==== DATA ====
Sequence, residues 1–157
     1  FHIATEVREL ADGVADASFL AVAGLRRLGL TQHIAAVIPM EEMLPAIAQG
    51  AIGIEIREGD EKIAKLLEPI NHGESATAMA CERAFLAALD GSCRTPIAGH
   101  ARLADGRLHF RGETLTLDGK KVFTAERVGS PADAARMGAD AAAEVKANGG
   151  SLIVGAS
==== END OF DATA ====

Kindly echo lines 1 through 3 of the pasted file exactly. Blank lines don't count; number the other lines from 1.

Sequence, residues 1–157
     1  FHIATEVREL ADGVADASFL AVAGLRRLGL TQHIAAVIPM EEMLPAIAQG
    51  AIGIEIREGD EKIAKLLEPI NHGESATAMA CERAFLAALD GSCRTPIAGH